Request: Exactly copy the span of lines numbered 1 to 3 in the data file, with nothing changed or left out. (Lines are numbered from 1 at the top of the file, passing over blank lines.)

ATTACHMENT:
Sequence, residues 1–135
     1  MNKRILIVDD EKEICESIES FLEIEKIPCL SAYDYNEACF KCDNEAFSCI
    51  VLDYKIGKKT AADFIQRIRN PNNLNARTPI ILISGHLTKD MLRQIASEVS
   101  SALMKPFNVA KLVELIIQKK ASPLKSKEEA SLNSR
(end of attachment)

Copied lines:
Sequence, residues 1–135
     1  MNKRILIVDD EKEICESIES FLEIEKIPCL SAYDYNEACF KCDNEAFSCI
    51  VLDYKIGKKT AADFIQRIRN PNNLNARTPI ILISGHLTKD MLRQIASEVS